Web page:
A comprehensive proposed shake-up of the Resource Management Act has gained support from the business community and multiple parties. Pattrick Smellie of BusinessDesk reports on what it might involve.
After 29 years of argument and increasing complexity, the Resource Management Act needs to be split in two and the overlapping patchwork of competing of regional plans operating nationally should shrink from more than 100 to just 14.
Those are two of the key recommendations of a massive new report released on RMA reform this morning by environment minister David Parker.
The report also raises for the first time an explicit mechanism for compensating landowners for losses caused by sea-level rise and other climate change impacts.
Chaired by retired Environment Court judge Tony Randerson, the 531-page report recommends splitting the law that has sought to govern both economic development and environmental protection into two separate pieces of legislation, a Natural and Built Environments Act and a Strategic Planning Act.
A third piece of legislation, a Managed Retreat and Climate Change Adaptation Act, is also proposed as a vehicle for establishing “an adaptation fund to enable central and local government to support necessary steps to address climate change and would also deal with the many complex legal and technical issues involved in the process of managed retreat.”
Parker welcomed the RMA review report as “long overdue,” saying the Randerson-led panel “has designed tomorrow’s resource management system to deliver better outcomes for the environment, people and the economy.”
“The RMA has doubled in size from its original length. It has become too costly, takes too long, and has not adequately protected the environment,” he said.
The panel itself said “perhaps the greatest single process change is our proposal for mandatory combined plans in each region. At present, there are well in excess of 100 policy statements and plans in existence throughout the country. Under our proposal for combined plans, the number of plans would reduce to just 14.”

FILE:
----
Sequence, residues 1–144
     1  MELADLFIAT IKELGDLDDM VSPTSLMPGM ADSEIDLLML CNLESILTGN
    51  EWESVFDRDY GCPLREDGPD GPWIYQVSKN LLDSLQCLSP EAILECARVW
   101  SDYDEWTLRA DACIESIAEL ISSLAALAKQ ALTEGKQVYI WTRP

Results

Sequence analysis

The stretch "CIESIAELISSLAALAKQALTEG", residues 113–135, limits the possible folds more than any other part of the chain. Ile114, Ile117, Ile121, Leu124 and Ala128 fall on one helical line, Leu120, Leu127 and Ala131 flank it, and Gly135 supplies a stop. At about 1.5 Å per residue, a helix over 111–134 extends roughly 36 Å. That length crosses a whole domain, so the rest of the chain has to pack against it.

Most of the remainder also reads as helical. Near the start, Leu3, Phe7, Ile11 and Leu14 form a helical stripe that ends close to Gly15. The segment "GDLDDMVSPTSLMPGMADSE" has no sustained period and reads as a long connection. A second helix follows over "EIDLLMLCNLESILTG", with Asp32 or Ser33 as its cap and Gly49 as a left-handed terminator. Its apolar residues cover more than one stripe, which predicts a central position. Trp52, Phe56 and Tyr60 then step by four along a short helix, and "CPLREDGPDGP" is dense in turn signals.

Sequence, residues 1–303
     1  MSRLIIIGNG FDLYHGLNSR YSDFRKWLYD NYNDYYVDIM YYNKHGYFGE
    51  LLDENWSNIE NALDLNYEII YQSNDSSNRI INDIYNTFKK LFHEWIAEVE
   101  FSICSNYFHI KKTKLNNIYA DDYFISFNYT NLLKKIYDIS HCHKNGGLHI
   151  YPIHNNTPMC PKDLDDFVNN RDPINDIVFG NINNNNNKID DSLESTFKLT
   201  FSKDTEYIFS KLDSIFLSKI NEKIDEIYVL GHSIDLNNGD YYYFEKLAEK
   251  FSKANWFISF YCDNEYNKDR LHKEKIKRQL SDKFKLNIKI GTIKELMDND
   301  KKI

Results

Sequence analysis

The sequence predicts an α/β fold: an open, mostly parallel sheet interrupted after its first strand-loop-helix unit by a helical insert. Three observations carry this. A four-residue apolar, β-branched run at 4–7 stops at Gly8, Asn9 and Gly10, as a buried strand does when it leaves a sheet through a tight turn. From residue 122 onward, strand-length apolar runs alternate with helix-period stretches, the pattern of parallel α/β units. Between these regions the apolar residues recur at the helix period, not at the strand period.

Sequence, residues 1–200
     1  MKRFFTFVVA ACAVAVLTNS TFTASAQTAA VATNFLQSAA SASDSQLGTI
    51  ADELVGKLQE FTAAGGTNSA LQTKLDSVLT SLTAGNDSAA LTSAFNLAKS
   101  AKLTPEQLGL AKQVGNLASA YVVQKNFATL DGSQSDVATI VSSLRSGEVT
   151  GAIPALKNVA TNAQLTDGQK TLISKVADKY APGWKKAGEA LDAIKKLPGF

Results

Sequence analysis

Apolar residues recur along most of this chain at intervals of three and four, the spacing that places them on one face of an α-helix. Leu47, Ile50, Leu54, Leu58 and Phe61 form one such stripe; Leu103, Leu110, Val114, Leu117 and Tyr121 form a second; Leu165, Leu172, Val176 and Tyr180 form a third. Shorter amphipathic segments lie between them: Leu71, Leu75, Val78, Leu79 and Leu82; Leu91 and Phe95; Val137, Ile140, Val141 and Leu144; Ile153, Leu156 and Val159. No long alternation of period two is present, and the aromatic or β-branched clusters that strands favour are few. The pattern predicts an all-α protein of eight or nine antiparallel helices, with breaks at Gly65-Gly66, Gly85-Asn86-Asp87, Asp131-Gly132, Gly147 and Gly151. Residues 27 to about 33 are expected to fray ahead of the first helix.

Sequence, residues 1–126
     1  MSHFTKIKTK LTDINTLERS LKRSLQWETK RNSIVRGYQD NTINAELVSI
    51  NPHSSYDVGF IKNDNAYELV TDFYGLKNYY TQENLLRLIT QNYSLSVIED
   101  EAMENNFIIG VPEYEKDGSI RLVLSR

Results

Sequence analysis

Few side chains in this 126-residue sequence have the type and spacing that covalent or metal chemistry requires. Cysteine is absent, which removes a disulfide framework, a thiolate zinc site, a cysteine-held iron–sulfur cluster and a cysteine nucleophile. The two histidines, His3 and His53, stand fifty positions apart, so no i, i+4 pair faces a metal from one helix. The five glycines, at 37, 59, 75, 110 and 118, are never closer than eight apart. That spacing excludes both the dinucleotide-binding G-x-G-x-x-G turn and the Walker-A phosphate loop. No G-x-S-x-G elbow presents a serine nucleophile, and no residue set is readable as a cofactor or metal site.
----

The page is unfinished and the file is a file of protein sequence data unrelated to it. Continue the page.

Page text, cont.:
This would lead to better quality plans, resolution of uncertainty created by overlaps that currently bedevil relationships between regional councils and local territorial authorities, and fewer resource consent applications.
Another major change would strengthen Māori interests by requiring policymakers to “give effect to” to the principles of the Treaty of Waitangi, a significantly stronger legal construction than the RMA’s requirement to “have regard to” those principles.
The proposals would also entrench the use of spatial planning – a holistic approach to land and resource use absent from NZ legislation – in a new Strategic Planning Act.
The proposals also suggested ditching the “no more than minor effects” threshold for resource consent applications and “an alternative process to deal with resource consents raising localised issues such as boundary issues between neighbours”.
The concept of “environmental bottom lines” that cannot be breached, which has guided the RMA, is retained but framed as “mandatory environmental limits” aimed at “bio-physical aspects of the environment, including freshwater, coastal water, air, soil and habitats for indigenous species.”
The RMA’s fundamental focus on “managing adverse effects” would be replaced with a focus on “promoting more positive outcomes,” the report recommended, with a new purpose of the Natural and Built Environments Act being proposed: “enhancing the quality of the environment to support wellbeing of present and future generations.”
This would be achieved within mandatory environmental limits with “adverse effects” on the environment being “avoided, remedied or mitigated”.
Matters to be considered in resource consent application “should be amended in various respects, including shifting the focus to identified outcomes and removing the “subject to Part 2 reference and the permitted baseline test,” the report said, in what appears to be a significant shift away from one of the primary sources of conflict in the RMA: the interpretation of resource management priorities under the fundamental principles enshrined in Part 2 of the current act.
There would still be National Policy Statements and National Environmental Standards and, if anything, a greater incentive under such a regime for national direction to be given on development issues, with national direction reviewed every nine years.
Parker emphasised that the report’s recommendations would be for the next government to act upon “and whether to implement it in whole or in part”.
This article originally appeared on BusinessDesk. Their team publishes quality independent news, analysis and commentary on business, the economy and politics every day. Find out more.